HOUSTON—In the shadow of the sparkling towers that energy built, five young energy innovators are being honored for their plan for the future of Houston.
It is the vision of a group of ninth graders from the Village School for the Energy City of the Future in the year 2050, to be exact.
New technologies drive the plan which includes bigger buildings than ever in the city core and efficiencies all over the area.
Their winning vision was judged by today’s energy leaders and it is already impressing the city leaders of now.
”Amazing! Wonderful!” Mayor Pro-Tem Ed Gonzalez told the young men.
Becoming the global hub for energy is something that takes time. Losing that status can happen very quickly without innovations like these.
Nicolas Vaporciyan is a part of the winning team. “The entire world is going forward at a pace and if we don’t keep up then we fall behind,” he said.
Experts know that it is youth that will drive that change.
“The studies show that if you lose kids in the seventh or eighth grade in the sciences, you lose them,” said David Holt of the contest sponsor, Consumer Energy Alliance.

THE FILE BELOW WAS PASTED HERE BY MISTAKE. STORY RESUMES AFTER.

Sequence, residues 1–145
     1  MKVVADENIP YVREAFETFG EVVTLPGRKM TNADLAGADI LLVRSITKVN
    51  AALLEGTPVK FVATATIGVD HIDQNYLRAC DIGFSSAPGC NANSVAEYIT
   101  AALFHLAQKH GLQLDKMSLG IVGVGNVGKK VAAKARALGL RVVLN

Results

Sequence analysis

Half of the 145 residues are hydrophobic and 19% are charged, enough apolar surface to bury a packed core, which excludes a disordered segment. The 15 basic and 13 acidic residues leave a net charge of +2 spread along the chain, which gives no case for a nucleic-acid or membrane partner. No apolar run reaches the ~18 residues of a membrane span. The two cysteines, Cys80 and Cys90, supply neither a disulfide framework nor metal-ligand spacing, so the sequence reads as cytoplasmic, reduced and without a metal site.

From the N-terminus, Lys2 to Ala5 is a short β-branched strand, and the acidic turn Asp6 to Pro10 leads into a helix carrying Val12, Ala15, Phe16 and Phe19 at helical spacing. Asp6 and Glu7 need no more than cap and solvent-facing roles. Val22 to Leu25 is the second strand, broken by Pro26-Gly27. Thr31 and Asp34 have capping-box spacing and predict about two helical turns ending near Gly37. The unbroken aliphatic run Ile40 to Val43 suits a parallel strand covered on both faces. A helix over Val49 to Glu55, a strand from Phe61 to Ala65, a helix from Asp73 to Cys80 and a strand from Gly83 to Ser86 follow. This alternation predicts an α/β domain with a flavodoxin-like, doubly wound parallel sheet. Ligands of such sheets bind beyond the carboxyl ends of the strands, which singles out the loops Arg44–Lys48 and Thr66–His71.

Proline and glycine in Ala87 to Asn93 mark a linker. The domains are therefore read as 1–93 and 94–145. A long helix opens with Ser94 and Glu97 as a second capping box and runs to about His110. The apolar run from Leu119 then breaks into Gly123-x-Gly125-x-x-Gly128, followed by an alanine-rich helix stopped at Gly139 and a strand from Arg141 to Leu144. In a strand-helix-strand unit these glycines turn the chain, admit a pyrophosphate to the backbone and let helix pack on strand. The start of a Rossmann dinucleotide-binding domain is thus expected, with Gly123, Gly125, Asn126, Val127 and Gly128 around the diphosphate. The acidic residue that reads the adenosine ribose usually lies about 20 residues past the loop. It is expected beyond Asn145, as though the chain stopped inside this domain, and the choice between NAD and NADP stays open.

When those students are lost they are lost for good, long before they can sound like this, “It is produced by the Tocamac! Which is a fusion reactor,” one of the students tells an interested passerby at city hall.
That is a technology not yet perfected, but may never be without kids like this.
The goal of these five young innovators is not just their education, it is yours.
“Increase the public knowledge of these technologies that are out there that could be beneficial to them in the future. Hopefully if enough of the public knows about it they will act on it,” said student Duncan Rowe.
This is after all the city of the future, at least the best they could build, from recycled materials.
“Some of these changes they do take time. Decades even,” Vaporciyan said.
Good thing they are starting now.
The kids will be showing off their plans as a part of Energy Day.
That festival with activities for children of all ages with an energy and science theme runs from 11 a.m. to 5 p.m. on Saturday in Hermann Square in front of City Hall.